View Full Version : Article: With new legislation, Miss. to see changes in juvenile justice system

03-19-2005, 06:56 AM
March 17, 2005

With new legislation, Miss. to see visible changes in juvenile justice system

By Eric Stringfellow

Change appears to be finally coming to juvenile justice in Mississippi. The Juvenile Justice Act of 2005 should signal a shift in the state's approach toward juvenile offenders from incarceration to rehabilitation, treatment and community-based facilities.

The legislation is not as sweeping as proposed but is progressive enough that reform advocates are encouraged.

The bill requires counties to establish alternatives to incarceration and bans incarceration of first-time, nonviolent offenders. It also creates local care systems for nonviolent youths with behavioral or emotional disorders and requires detention centers to offer appropriate mental health services.

"This is the first time in the 18 years or so that I have served that we've recognized that incarceration is not the answer," said Rep. George Flaggs, D-Vicksburg, Juvenile Justice Committee chairman.

Some advocates want more.

Flaggs sought to create a department of juvenile justice and give oversight to a nine-person board. That was unsuccessful, meaning the state Department of Human Services will continue its juvenile oversight.

Schools stay open

Remaining operational are the state's training schools Oakley and Columbia. Conditions and alleged abuse at the schools are the basis of a federal lawsuit.

The training schools should be closed, not just because of high recidivism but also because they are a huge drain on taxpayers. Adolescent offender programs, which are community based, are better investments.

The legislation charges the state Department of Public Safety with quarterly inspections of training schools.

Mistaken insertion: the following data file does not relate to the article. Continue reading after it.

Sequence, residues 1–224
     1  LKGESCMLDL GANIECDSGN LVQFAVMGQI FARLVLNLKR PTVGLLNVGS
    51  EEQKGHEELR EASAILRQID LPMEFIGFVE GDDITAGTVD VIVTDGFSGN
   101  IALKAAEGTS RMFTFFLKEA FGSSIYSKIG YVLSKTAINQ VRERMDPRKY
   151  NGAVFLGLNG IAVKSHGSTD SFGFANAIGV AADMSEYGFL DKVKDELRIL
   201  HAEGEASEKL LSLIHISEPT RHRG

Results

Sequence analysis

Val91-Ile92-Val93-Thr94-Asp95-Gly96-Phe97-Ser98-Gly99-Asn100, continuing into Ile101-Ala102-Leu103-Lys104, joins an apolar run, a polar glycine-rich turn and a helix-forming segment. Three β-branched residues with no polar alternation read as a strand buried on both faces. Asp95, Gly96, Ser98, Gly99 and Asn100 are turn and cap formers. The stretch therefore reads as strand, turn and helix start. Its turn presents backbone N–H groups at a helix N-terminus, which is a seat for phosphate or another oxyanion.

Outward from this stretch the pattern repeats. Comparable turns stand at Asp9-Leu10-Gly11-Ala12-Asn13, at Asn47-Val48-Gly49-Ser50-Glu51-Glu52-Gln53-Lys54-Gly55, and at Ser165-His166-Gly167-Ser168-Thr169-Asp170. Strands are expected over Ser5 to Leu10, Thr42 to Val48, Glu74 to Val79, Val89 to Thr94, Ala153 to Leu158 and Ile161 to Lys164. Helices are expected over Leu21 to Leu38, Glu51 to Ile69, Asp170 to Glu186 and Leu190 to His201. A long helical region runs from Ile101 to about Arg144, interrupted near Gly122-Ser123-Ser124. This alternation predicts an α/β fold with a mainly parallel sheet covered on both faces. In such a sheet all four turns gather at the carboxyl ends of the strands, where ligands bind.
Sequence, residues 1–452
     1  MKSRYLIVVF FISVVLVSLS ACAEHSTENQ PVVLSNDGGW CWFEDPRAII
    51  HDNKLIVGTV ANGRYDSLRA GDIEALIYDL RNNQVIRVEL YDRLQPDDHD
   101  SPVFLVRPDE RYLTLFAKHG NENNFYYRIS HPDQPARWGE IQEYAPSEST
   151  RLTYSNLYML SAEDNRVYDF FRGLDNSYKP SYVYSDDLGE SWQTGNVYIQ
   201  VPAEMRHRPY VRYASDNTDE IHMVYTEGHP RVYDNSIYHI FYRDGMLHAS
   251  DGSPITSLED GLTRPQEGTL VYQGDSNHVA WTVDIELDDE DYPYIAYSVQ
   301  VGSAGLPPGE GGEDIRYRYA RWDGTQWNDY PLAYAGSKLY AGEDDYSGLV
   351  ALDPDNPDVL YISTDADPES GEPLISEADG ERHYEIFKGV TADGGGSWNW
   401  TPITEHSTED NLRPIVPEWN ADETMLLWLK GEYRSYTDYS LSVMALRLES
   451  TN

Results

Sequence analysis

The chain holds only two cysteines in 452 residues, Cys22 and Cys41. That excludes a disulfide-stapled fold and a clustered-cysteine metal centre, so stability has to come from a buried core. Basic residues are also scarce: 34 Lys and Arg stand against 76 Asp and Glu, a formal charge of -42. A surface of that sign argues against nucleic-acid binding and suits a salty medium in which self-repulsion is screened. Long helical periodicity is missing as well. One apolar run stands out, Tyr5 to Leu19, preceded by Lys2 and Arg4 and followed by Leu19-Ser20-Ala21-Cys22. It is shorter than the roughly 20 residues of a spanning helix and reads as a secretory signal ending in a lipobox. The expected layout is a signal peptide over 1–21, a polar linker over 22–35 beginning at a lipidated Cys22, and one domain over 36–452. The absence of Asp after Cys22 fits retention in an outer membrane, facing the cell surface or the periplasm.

It also requires judges to certify that each disposition is in the least restrictive environment, is close to the juvenile's community, and the facility offers medical, educational, vocational and rehabilitative services.

The lawsuit is expected to go to trial late this year. "I wouldn't be surprised if they settled the lawsuit," Flaggs said.

On to Barbour

Eric Holland, a spokesman for the U.S. Department of Justice in Washington, would not comment about the possible impact the reforms might have on the litigation.

The legislation has passed both chambers and will be sent to Gov. Haley Barbour after the Senate concurs with amendments made in the House, said Sen. Gray Tollison, D-Oxford.

The reforms address what Flaggs called his two primary issues: treatment for children diagnosed with a mental illness and establishing clear guidelines for placing children in training centers.

The community-based programs, restrictions on incarceration and the emphasis on rehabilitation all are concepts lauded by the Schoolhouse to Jailhouse Coalition.

This group is pushing for more reforms and is concerned about how the Juvenile Justice Reform Act will be funded.

Too much, it believes, remains invested in training schools.

"This is a significant step forward," said Sheila Bedi of the Mississippi Center for Justice who is a Schoolhouse to Jailhouse Coalition member. "But for real reform, we have to do even more to de-emphasize incarceration."

That's true, but at least the shift appears to have started.